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Alternatives to explode the code for dyslexic 7yro


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#1 home4fun

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Posted 26 March 2009 - 04:01 PM

My son is dyslexic. We have been using the Davis program and he has come a long ways. We have used explode the code for awhile, but I am realizing that he is good at guessing and not sure it is really helping or really my goal in using it. My only goal was getting him to write a little each day without complaining, which has worked. He can't spell yet!, and does not do any other writing. Now that his reading is coming along slowly, I would like to try to add some more writing, but not sure where to go from here. More explode the code books or what other suggestions would you all have?

Thanks

Angie (home4fun)

#2 LizzyBee

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Posted 26 March 2009 - 04:16 PM

My 7 yo dyslexic dd enjoys ETC, but it's not helping her learn to read. After tons of research, we are going to use Barton Reading and Spelling. However, dd is not yet ready to start it due to her lack of phonemic awareness. We are using Lindamood Bell Phonemic Sequencing (LiPS) to remediate that, but as soon as she can solidly pass the Barton student screening test, we are changing programs.

There are several reasons I chose Barton:
I've never read a bad review of it.
It comes with all of the necessary training on DVD included in the price.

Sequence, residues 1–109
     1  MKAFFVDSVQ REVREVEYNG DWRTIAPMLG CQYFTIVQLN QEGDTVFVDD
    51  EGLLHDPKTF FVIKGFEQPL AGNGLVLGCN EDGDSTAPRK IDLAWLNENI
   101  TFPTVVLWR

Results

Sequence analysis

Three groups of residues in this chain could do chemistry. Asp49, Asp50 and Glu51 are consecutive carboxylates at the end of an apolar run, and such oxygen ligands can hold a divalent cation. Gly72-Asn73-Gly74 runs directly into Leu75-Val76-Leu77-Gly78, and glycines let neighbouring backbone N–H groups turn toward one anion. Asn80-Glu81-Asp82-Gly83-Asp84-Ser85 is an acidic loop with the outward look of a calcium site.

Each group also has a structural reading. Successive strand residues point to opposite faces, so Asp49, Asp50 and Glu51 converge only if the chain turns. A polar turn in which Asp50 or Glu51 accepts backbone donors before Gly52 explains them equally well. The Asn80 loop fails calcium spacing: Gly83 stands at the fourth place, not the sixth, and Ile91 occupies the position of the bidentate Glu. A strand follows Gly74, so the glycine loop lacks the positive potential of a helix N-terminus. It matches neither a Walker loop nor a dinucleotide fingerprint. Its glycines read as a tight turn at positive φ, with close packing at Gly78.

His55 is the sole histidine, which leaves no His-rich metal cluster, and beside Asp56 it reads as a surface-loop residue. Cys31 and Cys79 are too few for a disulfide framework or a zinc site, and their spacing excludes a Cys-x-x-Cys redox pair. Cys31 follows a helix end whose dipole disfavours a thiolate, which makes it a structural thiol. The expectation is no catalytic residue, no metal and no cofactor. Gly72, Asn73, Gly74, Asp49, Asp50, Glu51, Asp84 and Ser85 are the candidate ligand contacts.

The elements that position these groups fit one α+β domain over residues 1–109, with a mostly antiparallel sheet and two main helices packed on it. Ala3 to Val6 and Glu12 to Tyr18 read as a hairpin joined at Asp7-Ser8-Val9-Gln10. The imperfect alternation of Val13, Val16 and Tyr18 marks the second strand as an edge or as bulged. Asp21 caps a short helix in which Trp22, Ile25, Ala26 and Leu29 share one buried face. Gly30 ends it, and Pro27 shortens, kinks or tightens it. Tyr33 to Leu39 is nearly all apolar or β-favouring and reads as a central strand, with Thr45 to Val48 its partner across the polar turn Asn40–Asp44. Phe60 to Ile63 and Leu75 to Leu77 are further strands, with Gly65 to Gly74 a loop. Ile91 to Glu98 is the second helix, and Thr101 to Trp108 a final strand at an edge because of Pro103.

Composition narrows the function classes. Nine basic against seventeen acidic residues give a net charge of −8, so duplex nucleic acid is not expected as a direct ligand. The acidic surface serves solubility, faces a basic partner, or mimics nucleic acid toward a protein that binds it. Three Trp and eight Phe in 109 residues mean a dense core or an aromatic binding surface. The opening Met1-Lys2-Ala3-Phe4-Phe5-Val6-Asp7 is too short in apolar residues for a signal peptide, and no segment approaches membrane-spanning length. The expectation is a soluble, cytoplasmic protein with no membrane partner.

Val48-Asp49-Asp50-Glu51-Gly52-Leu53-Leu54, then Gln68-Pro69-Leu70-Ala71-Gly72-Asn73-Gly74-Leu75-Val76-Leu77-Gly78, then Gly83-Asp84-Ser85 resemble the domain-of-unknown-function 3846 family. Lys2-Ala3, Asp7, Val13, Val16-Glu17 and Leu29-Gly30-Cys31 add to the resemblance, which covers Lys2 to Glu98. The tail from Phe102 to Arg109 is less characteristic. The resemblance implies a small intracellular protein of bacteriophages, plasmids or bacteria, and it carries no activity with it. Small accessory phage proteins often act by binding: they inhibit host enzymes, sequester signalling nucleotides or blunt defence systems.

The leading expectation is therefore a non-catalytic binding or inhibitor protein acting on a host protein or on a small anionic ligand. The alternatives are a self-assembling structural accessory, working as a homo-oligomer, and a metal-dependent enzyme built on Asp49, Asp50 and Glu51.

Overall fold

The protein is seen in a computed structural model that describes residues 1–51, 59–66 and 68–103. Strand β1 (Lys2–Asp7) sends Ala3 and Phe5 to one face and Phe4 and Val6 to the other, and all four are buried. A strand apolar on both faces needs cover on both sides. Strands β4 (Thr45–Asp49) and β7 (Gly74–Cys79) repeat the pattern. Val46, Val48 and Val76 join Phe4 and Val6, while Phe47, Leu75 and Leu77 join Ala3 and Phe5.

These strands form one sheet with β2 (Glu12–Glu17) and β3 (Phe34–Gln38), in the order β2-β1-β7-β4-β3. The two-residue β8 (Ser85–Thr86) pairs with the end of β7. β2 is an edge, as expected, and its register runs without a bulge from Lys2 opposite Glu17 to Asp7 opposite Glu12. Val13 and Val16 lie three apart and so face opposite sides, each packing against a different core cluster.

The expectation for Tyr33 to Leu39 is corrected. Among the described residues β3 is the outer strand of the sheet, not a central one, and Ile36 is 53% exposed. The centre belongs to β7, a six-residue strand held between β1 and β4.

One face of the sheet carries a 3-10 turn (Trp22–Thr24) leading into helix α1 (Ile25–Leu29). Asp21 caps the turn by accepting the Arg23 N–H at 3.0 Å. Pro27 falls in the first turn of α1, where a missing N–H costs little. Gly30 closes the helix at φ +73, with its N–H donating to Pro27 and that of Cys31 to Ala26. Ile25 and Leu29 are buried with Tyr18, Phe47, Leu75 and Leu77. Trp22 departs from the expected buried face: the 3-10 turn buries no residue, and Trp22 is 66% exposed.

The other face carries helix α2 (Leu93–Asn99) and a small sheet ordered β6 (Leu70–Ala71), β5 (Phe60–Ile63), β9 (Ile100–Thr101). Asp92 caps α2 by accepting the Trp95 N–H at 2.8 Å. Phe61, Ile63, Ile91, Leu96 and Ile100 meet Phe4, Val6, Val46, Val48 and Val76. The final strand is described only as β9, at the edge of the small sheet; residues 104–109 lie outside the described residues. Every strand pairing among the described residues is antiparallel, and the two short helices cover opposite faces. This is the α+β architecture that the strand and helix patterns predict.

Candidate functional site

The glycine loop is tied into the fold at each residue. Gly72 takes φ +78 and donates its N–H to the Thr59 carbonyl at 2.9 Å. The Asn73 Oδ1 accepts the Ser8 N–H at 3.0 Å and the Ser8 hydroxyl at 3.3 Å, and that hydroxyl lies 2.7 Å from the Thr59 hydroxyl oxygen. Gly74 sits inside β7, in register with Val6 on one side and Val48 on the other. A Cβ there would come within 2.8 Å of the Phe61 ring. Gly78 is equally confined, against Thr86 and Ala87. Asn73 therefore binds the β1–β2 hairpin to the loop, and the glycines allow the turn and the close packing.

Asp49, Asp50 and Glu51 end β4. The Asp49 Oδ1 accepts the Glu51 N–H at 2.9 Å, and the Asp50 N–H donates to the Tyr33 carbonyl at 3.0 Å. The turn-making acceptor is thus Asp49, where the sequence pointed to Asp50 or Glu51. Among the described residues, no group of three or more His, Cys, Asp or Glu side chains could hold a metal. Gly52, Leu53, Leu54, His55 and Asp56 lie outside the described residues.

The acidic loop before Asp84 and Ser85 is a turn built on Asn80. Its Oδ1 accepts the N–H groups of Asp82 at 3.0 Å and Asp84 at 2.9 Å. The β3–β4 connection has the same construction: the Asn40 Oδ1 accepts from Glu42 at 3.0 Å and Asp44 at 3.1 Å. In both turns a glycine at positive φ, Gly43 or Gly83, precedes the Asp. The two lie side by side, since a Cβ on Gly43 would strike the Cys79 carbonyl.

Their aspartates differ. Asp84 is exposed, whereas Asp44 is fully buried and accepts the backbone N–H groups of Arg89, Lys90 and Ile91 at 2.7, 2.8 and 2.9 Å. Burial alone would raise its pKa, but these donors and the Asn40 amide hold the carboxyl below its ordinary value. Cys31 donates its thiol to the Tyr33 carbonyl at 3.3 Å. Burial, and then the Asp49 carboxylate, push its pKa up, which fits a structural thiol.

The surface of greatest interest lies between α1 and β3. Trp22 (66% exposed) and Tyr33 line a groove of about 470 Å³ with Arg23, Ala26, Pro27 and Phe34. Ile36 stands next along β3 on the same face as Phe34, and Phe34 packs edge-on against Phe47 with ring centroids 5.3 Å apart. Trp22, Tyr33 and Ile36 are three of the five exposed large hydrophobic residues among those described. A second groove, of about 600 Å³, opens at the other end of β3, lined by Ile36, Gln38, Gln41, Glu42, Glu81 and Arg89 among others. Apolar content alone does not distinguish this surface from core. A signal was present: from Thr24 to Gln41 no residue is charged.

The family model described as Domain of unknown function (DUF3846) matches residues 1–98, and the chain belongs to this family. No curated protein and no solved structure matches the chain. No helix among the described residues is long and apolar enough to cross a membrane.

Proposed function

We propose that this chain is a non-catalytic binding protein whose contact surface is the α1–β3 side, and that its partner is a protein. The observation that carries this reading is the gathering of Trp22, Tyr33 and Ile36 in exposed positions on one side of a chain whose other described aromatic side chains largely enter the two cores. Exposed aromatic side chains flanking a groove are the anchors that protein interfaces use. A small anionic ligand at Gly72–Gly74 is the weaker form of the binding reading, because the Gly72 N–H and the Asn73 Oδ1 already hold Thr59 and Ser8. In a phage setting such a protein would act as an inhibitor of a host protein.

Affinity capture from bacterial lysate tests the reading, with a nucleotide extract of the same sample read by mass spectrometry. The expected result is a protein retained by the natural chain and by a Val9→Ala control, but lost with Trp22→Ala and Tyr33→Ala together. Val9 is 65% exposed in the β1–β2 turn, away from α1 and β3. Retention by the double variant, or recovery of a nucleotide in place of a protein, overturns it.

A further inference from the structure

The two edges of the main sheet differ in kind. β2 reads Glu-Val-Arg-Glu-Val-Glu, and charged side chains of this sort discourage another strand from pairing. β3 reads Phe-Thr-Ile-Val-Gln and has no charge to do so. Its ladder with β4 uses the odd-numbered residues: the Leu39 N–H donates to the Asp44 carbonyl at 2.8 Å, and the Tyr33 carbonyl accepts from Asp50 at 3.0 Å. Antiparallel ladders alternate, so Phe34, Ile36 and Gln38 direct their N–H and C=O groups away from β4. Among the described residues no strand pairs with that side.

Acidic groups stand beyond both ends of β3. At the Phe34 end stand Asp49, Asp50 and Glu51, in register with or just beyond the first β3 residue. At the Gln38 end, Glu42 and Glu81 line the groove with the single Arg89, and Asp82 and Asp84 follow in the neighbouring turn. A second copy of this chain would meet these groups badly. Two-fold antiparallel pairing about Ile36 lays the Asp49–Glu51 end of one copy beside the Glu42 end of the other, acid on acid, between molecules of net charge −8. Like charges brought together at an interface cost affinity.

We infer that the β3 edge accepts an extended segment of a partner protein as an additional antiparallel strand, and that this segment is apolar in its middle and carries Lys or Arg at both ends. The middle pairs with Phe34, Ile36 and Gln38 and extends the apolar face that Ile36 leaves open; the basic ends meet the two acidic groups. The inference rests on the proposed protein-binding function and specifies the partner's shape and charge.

It is largely open and go, which I need because I work outside the home.
It goes through a 9th grade reading level, so I won't be stuck in a year or two trying to figure out what to use next.
The author offers free support by phone or email.

#3 starwarsmomma

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Posted 26 March 2009 - 04:37 PM

My 7/8 (now 9) year old loved ETC and their BEYOND the Code series alot!

Another possibility is the book Phonics Pathways and / or Reading Pathways. Those helped my son alot! (and cheap!) (amazon.com)

#4 LizzyBee

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Posted 26 March 2009 - 06:09 PM

My 7/8 (now 9) year old loved ETC and their BEYOND the Code series alot!

Another possibility is the book Phonics Pathways and / or Reading Pathways. Those helped my son alot! (and cheap!) (amazon.com)


Is your child dyslexic? I'm just asking because Phonics Pathways was a disaster with my dyslexic child. If your child is dyslexic and it worked, that's great. :)

#5 starwarsmomma

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Posted 26 March 2009 - 06:11 PM

yes, he's dyslexic. :D
(diagnosed at public school and scottish rite hospital)

#6 Ottakee

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Posted 26 March 2009 - 08:06 PM

I really like Apples and Pears for spelling/writing for this age/stage. It is very effective for dyslexic students. It IS more expensive than other programs but well worth the cost.

http://www.promethea...ationsbooks.htm If you scroll down you can see the Apples and Pears program. Click the "see inside" to see the entire program.

#7 ElizabethB

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Posted 26 March 2009 - 08:10 PM

Not sure if it will help or not, but you can try my concentration game, it makes both real and nonsense words--I've found nonsense words very helpful for my remedial students. Most of them have symptoms of dyslexia caused by sight words. A few may have actual organic dyslexia as well, but it's hard to tell, they were all exposed to sight words.